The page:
Following Hatcher's instructions to the T, I platted the 100 acres that Joseph Kirk leased.

Great! But now what?

In isolation, Joseph's platted land wasn't really helping me pinpoint where exactly he lived. I couldn't see the forest for the trees (black oak, white oak, hickory).

Some of the corner descriptions mentioned neighboring land owners. What if I mapped their land? Would I gain greater perspective on the Poplar Tract?

On FamilySearch, I found an index of the land leased by George William Fairfax to various men beginning in 1772 (the year that Berkeley County and Norborne Parish became official administrative units).

I began transcribing deeds and platting the land. It was a mildly tedious process.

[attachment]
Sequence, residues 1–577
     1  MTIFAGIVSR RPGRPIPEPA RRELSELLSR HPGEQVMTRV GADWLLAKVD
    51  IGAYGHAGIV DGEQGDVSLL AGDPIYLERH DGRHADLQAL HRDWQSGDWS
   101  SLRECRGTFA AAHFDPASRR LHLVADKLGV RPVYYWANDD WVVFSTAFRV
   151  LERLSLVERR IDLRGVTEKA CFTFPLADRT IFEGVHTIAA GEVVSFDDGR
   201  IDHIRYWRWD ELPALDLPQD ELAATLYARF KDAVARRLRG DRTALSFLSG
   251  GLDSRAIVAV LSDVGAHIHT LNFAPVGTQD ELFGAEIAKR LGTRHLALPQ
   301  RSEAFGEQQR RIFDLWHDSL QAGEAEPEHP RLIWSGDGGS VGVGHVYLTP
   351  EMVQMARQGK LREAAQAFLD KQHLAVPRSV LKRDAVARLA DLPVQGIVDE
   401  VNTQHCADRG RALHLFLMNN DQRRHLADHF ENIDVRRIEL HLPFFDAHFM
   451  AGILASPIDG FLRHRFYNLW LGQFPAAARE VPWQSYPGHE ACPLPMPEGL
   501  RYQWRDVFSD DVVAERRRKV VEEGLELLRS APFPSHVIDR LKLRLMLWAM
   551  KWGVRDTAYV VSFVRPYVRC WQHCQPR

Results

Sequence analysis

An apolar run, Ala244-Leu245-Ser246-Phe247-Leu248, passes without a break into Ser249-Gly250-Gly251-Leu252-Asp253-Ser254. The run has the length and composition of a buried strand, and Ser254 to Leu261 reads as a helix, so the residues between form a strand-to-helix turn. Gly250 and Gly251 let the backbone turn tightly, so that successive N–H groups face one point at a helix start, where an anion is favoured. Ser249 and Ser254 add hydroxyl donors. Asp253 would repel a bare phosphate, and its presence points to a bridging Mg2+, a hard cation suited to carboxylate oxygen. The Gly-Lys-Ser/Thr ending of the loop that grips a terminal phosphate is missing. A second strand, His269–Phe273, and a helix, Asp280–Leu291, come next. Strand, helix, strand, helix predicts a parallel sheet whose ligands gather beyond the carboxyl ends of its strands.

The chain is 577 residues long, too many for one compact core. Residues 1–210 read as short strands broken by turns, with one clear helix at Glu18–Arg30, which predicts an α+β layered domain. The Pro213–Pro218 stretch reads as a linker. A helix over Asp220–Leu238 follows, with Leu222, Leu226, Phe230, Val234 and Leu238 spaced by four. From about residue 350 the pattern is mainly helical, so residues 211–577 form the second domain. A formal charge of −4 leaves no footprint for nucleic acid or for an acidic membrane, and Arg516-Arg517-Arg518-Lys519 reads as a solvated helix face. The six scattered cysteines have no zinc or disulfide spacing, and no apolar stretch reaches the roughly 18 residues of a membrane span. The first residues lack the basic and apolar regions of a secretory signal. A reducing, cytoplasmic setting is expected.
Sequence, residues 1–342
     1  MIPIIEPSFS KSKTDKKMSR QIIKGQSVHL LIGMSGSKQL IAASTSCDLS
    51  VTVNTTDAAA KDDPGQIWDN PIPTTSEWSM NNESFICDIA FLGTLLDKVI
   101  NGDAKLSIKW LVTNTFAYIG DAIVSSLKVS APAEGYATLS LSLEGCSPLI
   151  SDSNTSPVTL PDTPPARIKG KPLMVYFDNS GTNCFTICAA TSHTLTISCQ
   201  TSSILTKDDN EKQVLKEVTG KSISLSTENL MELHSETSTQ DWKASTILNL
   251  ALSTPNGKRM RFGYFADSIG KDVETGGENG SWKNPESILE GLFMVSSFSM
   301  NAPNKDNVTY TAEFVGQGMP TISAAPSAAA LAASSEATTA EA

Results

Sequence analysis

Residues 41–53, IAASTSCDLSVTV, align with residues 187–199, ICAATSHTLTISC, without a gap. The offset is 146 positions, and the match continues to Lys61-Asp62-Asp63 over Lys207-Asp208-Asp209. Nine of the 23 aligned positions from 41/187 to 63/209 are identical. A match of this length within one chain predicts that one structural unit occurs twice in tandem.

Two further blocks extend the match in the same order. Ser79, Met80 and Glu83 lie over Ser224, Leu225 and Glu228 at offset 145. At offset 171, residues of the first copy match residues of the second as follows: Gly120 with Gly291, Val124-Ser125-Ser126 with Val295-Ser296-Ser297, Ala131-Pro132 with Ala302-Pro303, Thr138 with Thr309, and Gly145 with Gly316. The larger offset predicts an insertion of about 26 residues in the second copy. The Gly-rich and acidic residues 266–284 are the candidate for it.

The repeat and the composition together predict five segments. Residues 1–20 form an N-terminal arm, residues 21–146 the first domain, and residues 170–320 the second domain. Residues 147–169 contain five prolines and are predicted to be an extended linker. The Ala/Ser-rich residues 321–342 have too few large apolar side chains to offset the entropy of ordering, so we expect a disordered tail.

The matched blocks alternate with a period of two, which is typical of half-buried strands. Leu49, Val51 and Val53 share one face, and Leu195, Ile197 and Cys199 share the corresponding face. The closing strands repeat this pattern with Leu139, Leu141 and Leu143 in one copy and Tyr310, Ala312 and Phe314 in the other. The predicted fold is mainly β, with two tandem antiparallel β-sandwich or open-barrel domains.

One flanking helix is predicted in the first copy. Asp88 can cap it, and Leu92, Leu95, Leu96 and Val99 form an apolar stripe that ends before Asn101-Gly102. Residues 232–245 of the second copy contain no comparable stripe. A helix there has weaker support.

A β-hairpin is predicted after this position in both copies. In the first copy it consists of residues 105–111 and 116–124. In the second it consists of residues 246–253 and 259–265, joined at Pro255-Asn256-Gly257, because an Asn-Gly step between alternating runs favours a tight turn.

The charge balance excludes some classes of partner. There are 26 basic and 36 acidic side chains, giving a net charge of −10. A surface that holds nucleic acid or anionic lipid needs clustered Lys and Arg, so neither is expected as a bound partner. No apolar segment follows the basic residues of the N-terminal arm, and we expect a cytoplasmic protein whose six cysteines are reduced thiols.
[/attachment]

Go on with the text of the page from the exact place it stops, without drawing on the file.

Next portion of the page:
Then, like a jigsaw puzzle with curious yet mission-critical clues like "...near a black oak, white oak, and hickory and near a corner of Joseph Evans and Michael Close..." I began to assemble the seemingly disparate pieces.

To my great delight (and surprise that my geometry skills weren't totally inept!), the pieces fit.

To-date, I've platted 956 acres of the 1,700 (still 744 to go!). In the process, I've identified Joseph's neighbors who may prove helpful in identifying other Kirk relatives and heirs. 

For example, I've already found mention of the "Widow Kirk" in the property description of an April 25, 1797 land deed between Ferdinand Fairfax (an heir to the Fairfax proprietary) and John Fryatt indicating that Joseph Kirk was definitely deceased by that year (corroborating information I've learned from reviewing Berkeley County tax records). I've even found John Fryatt's home on an 1809 map of Berkeley County in Library of Congress' collection. Do you see him just south of Martinsburg? 

But still, where was this land on a modern day map?

Seventeen Hundred Acres in Norborne Parish